Apple's Steve Jobs unveils video capable iPods

As expected, Apple unveiled next generation camera equipped iPods at its latest event in San Francisco, but product-wise there was nothing of significance for the business community.

Most analysts had expected him not to show for this latest event, but a thin but otherwise healthy looking Steve Jobs walked onto the stage, his first stage presentation since October 2008, after he stepped away from Apple for six months following an illness. His appearance is expected to settle markets.

Nevertheless, he soon handed over to Apple vice president Phil Schiller to show the arrival of a camera equipped iPod nanos, which Jobs said was down to Apple wanting in on the growing video market.

The nano also features a slightly larger 2.2in screen, a new anadonised finish, and five new colours. Also included is a microphone, a speaker, a pedometer, and for the first time on an Apple iPod, an FM radio. Pricing was revealed as $149 for the 8GB and $179 for the 16GB version.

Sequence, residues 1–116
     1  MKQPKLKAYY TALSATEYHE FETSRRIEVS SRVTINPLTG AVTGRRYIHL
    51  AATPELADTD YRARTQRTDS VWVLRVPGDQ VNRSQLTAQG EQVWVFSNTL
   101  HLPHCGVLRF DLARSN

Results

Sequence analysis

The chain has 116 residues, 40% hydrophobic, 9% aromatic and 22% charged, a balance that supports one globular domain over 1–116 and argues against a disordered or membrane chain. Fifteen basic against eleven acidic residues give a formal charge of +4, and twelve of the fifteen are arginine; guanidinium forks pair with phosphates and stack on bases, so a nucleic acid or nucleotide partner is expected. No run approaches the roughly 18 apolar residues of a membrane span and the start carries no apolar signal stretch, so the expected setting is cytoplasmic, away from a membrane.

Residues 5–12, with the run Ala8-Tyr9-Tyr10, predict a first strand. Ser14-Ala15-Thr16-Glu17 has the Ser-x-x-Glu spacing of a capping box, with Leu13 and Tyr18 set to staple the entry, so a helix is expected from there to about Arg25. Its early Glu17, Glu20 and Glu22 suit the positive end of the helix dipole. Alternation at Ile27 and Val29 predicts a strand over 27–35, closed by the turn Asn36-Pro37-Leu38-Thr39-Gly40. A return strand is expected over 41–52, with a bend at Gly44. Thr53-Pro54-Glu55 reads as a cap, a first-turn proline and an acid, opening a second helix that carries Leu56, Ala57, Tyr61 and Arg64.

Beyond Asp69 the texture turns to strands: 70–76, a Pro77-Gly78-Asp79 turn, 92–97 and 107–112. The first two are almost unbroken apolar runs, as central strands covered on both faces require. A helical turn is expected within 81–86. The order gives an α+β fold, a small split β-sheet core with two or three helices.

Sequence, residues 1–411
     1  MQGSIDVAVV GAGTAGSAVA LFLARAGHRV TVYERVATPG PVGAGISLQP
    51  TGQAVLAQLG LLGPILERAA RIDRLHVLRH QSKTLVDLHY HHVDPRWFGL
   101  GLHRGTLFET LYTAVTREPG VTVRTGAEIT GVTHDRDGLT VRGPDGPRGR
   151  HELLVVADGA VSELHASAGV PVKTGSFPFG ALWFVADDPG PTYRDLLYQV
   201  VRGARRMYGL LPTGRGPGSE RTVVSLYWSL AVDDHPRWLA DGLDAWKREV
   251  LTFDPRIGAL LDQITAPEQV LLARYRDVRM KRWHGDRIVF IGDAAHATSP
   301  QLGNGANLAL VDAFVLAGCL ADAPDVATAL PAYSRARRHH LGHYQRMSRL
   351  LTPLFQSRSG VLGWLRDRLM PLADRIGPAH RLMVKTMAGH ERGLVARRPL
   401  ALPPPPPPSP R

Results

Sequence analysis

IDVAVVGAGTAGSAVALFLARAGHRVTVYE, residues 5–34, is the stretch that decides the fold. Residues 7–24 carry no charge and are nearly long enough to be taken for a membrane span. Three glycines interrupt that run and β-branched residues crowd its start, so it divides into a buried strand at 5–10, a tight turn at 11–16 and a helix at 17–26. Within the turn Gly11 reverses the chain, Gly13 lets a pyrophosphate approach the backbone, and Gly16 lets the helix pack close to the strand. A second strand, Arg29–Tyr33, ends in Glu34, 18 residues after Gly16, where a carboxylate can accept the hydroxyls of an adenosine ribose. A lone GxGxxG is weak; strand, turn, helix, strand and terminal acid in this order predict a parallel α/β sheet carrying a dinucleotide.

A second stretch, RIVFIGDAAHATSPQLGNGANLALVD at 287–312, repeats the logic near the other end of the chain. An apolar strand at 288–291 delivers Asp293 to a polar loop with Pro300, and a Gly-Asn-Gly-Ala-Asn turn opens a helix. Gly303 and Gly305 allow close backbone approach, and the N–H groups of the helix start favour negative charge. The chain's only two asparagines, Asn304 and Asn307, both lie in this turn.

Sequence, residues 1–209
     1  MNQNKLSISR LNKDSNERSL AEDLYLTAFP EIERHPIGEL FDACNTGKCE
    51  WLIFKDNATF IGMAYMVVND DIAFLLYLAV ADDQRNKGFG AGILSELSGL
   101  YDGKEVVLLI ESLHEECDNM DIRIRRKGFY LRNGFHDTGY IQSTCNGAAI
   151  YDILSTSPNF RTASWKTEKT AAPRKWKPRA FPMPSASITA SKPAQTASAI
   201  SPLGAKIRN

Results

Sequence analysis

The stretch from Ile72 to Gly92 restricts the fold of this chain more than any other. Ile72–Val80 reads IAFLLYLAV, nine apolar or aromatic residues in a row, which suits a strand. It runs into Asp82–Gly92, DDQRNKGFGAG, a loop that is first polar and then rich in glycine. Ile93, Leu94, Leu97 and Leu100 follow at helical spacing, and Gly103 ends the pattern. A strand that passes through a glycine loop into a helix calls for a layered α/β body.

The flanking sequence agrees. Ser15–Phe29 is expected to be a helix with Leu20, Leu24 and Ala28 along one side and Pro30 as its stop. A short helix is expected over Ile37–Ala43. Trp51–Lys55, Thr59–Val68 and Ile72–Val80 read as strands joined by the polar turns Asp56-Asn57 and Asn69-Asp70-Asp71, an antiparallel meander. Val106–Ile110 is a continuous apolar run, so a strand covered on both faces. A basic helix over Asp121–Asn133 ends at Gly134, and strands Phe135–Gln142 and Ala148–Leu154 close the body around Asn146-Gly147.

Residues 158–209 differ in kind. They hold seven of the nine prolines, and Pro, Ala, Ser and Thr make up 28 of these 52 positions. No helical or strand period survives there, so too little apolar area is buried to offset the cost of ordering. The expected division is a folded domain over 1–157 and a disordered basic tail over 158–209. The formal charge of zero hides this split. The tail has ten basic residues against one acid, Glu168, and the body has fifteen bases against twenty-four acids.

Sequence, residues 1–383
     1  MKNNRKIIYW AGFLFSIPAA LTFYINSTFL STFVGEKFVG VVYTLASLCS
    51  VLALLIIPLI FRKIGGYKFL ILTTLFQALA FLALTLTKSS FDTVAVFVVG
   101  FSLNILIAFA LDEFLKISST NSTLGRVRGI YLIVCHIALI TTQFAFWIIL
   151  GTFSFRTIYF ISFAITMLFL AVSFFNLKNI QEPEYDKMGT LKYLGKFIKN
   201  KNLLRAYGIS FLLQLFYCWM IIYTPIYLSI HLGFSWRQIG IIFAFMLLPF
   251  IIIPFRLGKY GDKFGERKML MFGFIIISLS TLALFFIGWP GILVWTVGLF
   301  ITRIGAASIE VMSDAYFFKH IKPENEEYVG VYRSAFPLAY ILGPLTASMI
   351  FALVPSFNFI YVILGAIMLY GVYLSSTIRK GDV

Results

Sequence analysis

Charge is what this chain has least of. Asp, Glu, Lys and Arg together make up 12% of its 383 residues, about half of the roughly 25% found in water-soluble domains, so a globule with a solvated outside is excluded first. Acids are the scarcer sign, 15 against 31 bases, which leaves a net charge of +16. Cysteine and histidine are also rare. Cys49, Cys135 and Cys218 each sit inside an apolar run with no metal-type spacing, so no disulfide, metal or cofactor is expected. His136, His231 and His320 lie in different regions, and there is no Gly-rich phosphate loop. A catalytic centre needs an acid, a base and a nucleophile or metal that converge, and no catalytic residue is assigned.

The iPod touch also as expected got a capacity bump to 64GB ($399), while it and the 32GB ($299) now get the same processor as the 3GS, making them noticeably snappier. Meanwhile the 8GB drops to a more wallet friendly $199.

The iPod classic, despite rumours to the contrary, lives to fight another day, and gets a capacity bump to 160GB for a reduced price of $249.

The shuffle also gets some attention with price drops - $59 for the 2GB, $79 for the 4GB and a new special edition stainless steel version at $99.

iTunes 9 also arrives, which Jobs said sported a much cleaner look. It now features an upgraded Genius' technology, the ability to manage your apps from within iTunes and iTunes LP which will bring extra features such as liner notes, lyrics and videos to albums, to recreate the extra content that used to accompany records, but with a modern twist.

Benny Har-Even

Benny Har-Even is a twenty-year stalwart of technology journalism who is passionate about all areas of the industry, but telecoms and mobile and home entertainment are among his chief interests. He has written for many of the leading tech publications in the UK, such as PC Pro and Wired, and previously held the position of technology editor at ITPro before regularly contributing as a freelancer.

Known affectionately as a ‘geek’ to his friends, his passion has seen him land opportunities to speak about technology on BBC television broadcasts, as well as a number of speaking engagements at industry events.